Fotoeins Fotografie

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The Crier, Tiergarten, Berlin, Germany,

The Crier: from Berlin to Perth

In this post, I wrote about how I discovered the statue called “Der Rufer” (The Crier) in Berlin’s Tiergarten:

The statue in the foreground is called “Der Rufer” (The Caller or The Crier). Created by Gerhard Marcks in 1966, a cast of the bronze statue was purchased and erected here in place in the former West Berlin in May 1989. The statue was placed deliberately so that the “caller” faced East Berlin. At the sculpture’s base is a quote by Italian poet Francesco Petrarch (1304-1374): “Ich gehe durch die Welt, und rufe ‘Friede Friede Friede'” | “I wander through the world, and cry ‘Peace, Peace, Peace.'”

On 12 September 2012, some 18 months after making the above photo, I discovered the same statue by accident at the Cultural Centre in Northbridge, Perth, Australia.

The Crier, Art Gallery of Western Australia, Perth, WA, Australia,

The Crier (Perth)

Sculptor Gerhard Marcks (1889-1981) did not intend to convey a specific message or meaning to his piece of work. However, the version of the sculpture in Berlin was dedicated to a call for peace, whereas the casting in Perth was dedicated to the victims of torture.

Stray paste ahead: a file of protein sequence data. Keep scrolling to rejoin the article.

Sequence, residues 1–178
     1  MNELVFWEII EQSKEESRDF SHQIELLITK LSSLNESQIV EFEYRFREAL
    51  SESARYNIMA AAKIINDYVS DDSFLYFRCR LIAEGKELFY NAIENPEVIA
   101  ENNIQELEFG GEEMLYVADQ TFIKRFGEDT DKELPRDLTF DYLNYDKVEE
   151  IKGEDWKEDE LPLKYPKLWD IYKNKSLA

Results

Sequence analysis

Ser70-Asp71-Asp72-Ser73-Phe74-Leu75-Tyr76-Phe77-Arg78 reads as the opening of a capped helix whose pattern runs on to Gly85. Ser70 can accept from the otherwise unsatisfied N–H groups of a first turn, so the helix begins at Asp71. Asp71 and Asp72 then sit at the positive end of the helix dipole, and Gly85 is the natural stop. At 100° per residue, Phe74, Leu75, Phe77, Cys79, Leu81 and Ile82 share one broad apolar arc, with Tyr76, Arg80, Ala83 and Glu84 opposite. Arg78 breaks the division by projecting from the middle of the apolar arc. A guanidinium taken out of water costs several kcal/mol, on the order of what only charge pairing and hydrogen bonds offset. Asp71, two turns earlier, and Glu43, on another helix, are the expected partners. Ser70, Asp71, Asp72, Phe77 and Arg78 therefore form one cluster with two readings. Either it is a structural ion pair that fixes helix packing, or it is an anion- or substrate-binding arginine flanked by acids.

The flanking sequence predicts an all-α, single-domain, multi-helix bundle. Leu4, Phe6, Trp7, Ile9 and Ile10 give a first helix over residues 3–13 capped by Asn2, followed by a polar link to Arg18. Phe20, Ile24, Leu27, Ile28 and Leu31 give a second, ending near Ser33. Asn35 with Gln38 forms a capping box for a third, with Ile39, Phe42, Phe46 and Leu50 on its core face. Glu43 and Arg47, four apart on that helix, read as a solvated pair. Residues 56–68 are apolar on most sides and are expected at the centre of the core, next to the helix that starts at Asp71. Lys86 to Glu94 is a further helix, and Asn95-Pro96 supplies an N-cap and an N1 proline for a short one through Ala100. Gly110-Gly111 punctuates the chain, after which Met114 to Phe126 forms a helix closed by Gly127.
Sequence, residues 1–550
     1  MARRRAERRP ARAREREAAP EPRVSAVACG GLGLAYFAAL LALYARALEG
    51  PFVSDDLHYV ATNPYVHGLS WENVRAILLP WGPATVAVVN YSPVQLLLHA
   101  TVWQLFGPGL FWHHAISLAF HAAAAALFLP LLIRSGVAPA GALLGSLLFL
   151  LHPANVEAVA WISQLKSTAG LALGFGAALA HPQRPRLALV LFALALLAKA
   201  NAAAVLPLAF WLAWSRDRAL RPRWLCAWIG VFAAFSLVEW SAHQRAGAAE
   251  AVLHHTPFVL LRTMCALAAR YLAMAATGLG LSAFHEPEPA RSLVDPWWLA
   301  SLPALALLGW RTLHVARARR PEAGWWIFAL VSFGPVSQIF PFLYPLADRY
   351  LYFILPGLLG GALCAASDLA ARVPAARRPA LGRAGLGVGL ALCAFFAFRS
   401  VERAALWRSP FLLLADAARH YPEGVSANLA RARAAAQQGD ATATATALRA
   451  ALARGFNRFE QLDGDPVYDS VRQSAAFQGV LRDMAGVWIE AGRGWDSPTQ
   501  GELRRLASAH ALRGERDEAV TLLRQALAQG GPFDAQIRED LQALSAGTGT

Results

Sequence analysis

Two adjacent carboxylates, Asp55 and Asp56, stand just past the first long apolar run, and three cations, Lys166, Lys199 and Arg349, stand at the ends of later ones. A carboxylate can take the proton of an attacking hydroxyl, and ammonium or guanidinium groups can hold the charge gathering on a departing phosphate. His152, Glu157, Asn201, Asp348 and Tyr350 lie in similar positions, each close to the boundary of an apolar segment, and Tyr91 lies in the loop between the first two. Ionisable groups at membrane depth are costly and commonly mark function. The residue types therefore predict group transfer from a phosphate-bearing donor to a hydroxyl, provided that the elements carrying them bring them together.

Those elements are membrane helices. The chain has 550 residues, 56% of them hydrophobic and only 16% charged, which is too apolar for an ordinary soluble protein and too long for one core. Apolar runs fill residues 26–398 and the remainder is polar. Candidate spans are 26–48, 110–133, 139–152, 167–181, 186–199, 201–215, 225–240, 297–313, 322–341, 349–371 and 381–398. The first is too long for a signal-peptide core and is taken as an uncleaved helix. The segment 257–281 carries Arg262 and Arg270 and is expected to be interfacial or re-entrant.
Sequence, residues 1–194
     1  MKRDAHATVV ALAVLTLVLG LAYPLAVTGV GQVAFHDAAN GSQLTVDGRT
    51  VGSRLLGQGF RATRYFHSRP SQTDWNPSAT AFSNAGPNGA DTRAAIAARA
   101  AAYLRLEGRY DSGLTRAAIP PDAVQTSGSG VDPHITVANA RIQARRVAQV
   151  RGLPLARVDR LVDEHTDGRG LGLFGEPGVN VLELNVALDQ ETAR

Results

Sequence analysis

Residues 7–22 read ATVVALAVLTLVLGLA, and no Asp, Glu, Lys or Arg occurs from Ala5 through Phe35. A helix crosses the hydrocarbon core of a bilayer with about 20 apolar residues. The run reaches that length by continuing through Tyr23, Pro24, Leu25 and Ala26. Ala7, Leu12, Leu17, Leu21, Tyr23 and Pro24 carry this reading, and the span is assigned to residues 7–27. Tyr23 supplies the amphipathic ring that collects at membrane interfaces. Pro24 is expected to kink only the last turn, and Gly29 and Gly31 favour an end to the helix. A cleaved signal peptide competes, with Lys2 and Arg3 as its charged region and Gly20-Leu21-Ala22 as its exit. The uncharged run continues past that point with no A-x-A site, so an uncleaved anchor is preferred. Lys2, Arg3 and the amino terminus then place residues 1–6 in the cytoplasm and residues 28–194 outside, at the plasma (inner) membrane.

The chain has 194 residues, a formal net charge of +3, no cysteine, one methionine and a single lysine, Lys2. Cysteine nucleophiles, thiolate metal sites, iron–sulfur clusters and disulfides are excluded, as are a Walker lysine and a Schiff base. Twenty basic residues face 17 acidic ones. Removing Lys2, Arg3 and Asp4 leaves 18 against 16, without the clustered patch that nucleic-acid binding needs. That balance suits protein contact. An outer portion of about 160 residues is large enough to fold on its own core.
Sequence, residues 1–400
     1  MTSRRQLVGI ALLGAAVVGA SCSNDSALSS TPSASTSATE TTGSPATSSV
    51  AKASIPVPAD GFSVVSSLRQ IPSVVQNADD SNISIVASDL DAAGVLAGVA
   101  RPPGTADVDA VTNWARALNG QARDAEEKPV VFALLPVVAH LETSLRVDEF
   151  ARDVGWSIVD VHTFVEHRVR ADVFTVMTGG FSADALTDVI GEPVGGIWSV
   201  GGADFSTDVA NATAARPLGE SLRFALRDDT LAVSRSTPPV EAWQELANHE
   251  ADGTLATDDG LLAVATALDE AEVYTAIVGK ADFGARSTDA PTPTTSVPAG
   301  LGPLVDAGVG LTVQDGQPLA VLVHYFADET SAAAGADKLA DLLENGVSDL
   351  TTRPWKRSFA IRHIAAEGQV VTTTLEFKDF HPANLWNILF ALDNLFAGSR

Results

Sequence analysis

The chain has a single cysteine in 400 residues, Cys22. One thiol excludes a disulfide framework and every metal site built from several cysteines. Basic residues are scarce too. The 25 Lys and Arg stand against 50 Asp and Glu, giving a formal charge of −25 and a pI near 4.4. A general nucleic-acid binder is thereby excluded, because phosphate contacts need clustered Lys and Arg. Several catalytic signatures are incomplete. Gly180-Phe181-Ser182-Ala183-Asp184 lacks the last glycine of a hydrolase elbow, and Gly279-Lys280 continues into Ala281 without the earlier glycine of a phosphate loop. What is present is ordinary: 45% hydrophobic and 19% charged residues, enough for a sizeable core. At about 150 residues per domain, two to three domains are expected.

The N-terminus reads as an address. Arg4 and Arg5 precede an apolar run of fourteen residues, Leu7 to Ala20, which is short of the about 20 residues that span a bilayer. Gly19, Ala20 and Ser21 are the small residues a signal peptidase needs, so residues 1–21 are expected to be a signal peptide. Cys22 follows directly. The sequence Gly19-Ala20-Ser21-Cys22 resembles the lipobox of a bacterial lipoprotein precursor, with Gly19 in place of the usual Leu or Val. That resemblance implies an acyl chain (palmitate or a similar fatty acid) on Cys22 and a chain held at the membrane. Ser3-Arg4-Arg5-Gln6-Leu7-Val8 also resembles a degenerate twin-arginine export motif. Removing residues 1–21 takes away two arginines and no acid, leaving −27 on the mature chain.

I made the photos shown above with a Canon EOS450D: the first (Berlin shot) with EF-S 18-55mm f/3.5-5.6 IS kit-lens, and the second (Perth shot) with the 50mm f/1.4 prime-lens. This post appears on Fotoeins Fotopress at as

5 Responses to “The Crier: from Berlin to Perth”

  1. travelwriticus

    I love such coincidences. Me, I came across a statue of Empress Elisabeth of Austria (‘Sisi’) in two different countries at the same day (Merano, Italy and Vienna, Austria). Btw the 1st photo of The Crier is amazing!

    Liked by 1 person

    • fotoeins

      Thanks! By the way, I think it’s really interesting to have found Sisi in two different countries on the same day!


  2. Berlin: wearing a hair shirt | Picking Up The Tabb

    […] My first stop was quite close to the Brandenburg Gate, though I had passed near it several times without noticing.  The Soviet Memorial in the Tiergarten is the final resting place of 2000 soldiers who died in 1945 during the battle for Berlin.  The site looks very little like Arlington National Cemetery, though; the soldiers were buried as a group rather than individually.  The soldier atop the pillar stretches out a hand to the fallen, his rifle slung in peace.  The pair of T-34 tanks flanking the memorial on plinths look down on the road that approaches the Brandenburg Gate.  The Tiergarten park was west of the Berlin Wall, and yet the Soviet Memorial retained its pride of place.  Not far away, a statue embodying grief was constructed, “The Crier.” […]



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